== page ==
I recently reviewed Daniel Westberg’s Renewing Moral Theology. On page 96, Westberg quotes something that Geoffrey Bromiley says about human sinfulness:
“And even if one does the good or avoids the evil, how easily it is all soured by the self-righteous satisfaction that for once at least one has done a pure and blameless deed.”
That did resonate with me when I first read it. The next day, well, it did not so much.
When I first read it, I could see myself in what Bromiley was saying. I can easily pat myself on the back when I do something good, even though there are plenty of deficiencies in my character. Moreover, I agree with Bromiley that doing something good can lead me to become proud. That pride is not entirely valid on my part, for I do not always do good, and I have sinned. I need forgiveness.
But, as I go through the day, beat myself up, and think about others’ criticisms and judgments of me, I get to the point where I say: “Look, I am not totally bad!” I have done good things in my life. I have helped people. Who are other people to call me selfish, as if that is the sum total of my character? Don’t I deserve to give myself credit, at least once in a while?
I don’t think that evangelical Christianity is particularly helpful on this issue. When evangelical Christians are preaching the Gospel to the unsaved, their goal is to convince the unsaved (with the Holy Spirit’s help) that they indeed are sinners in need of God’s forgiveness and grace. In doing that, they point out that the unsaved person is flawed, even if he may have done some good thing. Once a person accepts Jesus, however, a person feels a need to convince herself (or others) that she truly has been regenerated by God, and one sign that Christians point to is fruit of the Spirit and a declining pattern of sin in one’s life. Even Westberg mentions the view that sin in a believer’s life is occasional.
So evangelicals try to convince the unsaved that they are bad by pointing to their flaws, or by encouraging them to be honest about their own flaws. Then, once the unsaved accept Christ, they are expected to switch gears and to try to look for good in their lives so they can feel assured that they actually have been born again. Does that make any sense? Here’s a thought: People are good and bad, whether they have accepted Christ or not. I know that I cannot generalize about evangelicals, for there are evangelicals who believe that they are still sinners in need of grace, even after conversion, and there are also evangelicals who are critical of Christians looking to their good works for assurance. But I am critiquing an evangelical approach that is out there. It is not a figment of my imagination.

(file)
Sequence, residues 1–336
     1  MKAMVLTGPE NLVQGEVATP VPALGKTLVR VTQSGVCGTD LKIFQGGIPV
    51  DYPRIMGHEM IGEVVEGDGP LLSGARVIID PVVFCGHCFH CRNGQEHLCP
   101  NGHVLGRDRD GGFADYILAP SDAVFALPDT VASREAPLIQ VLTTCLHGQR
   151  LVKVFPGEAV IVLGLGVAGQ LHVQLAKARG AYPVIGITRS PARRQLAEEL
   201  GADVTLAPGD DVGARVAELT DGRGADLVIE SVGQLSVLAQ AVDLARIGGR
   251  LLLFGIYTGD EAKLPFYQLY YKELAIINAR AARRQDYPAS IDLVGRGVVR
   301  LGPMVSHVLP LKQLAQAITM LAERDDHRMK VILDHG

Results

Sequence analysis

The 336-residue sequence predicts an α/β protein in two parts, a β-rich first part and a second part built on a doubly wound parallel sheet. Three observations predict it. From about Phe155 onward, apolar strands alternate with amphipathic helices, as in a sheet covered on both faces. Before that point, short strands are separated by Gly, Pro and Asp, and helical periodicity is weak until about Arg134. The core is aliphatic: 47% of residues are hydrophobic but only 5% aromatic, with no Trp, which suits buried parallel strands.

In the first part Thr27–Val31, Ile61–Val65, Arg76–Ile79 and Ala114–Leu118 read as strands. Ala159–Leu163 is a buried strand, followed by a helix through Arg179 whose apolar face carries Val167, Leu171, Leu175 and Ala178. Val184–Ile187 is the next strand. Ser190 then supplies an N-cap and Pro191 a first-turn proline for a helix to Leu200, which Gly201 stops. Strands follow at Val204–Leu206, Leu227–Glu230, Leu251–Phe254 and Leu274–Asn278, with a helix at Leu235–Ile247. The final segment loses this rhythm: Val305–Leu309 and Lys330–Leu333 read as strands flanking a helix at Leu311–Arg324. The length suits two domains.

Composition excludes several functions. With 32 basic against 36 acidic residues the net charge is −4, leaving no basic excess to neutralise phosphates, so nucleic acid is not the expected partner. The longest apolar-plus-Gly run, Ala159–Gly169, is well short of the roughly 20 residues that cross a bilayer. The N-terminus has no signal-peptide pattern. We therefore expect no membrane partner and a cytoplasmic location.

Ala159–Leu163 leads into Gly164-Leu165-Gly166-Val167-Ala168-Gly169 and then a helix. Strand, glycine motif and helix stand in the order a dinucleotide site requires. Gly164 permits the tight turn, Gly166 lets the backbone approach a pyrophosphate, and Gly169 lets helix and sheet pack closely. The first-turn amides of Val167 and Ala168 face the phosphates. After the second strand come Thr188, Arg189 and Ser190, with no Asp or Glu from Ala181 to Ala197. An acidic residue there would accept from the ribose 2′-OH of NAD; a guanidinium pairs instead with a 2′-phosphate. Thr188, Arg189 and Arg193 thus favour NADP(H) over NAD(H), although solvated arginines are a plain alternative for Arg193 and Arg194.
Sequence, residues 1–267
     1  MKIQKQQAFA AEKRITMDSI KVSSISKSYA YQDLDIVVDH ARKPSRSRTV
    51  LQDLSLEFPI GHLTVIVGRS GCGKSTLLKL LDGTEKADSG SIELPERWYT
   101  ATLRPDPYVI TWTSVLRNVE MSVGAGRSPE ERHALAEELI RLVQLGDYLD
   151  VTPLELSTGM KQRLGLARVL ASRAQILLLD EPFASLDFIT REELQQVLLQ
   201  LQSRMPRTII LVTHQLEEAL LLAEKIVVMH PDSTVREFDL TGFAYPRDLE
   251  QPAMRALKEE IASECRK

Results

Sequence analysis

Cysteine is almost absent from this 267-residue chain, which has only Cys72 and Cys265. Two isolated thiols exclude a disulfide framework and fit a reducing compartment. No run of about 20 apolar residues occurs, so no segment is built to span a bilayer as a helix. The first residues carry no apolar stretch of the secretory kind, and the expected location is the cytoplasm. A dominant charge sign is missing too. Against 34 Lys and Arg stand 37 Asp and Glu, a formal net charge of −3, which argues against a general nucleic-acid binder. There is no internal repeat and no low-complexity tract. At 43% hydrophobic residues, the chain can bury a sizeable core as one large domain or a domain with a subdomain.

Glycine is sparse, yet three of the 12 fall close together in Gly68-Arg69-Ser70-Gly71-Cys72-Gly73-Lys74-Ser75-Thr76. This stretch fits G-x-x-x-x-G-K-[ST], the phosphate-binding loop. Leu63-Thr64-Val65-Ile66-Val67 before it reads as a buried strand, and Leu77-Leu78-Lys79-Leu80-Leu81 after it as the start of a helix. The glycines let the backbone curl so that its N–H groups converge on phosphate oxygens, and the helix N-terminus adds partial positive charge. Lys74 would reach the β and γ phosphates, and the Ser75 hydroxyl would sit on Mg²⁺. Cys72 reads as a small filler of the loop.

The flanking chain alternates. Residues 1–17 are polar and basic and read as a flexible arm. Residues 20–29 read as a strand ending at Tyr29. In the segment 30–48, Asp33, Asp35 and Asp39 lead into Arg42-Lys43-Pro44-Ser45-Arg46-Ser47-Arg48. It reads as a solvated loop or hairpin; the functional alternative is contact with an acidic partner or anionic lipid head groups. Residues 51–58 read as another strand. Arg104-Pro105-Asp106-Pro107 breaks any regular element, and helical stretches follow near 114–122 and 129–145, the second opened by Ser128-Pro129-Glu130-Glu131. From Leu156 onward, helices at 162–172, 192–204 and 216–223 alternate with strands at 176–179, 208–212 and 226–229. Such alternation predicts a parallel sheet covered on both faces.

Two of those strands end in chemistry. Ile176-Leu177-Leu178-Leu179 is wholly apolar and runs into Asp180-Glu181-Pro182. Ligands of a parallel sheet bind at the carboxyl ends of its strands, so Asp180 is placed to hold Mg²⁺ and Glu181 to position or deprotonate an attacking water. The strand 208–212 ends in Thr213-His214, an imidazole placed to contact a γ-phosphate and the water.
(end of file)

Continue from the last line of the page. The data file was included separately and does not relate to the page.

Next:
I have been reading my Charlesworth Pseudepigrapha for my daily quiet time. Right now, I am in the Letter of Aristeas, which is about the translation of the Hebrew Bible into the Greek Septuagint. Aristeas talks about his attempt to persuade King Ptolemy of Egypt to release the Jewish slaves and soldiers from captivity, and Aristeas says that “whatsoever men think to do in piety in the way of righteousness and attention to good works, God the Lord of all directs their acts and intentions” (R.J.H. Shutt’s translation). This is in the context of Aristeas’ hope that God will move the king to release the Jews from captivity. It does raise some profound questions, though. Is everything good that humans think and do from God? If so, then is not God responsible when we do not do good and instead do evil: did God drop the ball by not motivating us to do good, in that case?
Whatever my questions, I do believe that, whenever I am attracted to good, that is the work of God within me and upon me, in some way, shape, or form. I like something that Westberg says in his book about the work of the Holy Spirit within us: that it makes virtue look attractive to us. I may be far from perfection. I cannot say that there is a declining pattern of sin in my life, for sin and selfishness are a part of me during the majority of most days. Yet, virtue is important to me, and I recognize the value of at least trying to get outside of myself and to have love for others. The problem is that there are times when I am trying to do so while kicking and screaming—-when I am outwardly showing love, while inwardly seething with resentment. Westberg talks some about that situation in his book. In those cases, I am reminded of my continual need for God’s grace to be and to do good.
How can I do good without falling into pride? I can remember that God is the one motivating me to do good. And I can keep in mind that good is good because it is good: sure, God may reward us for doing it, but it is what we are supposed to be doing anyway.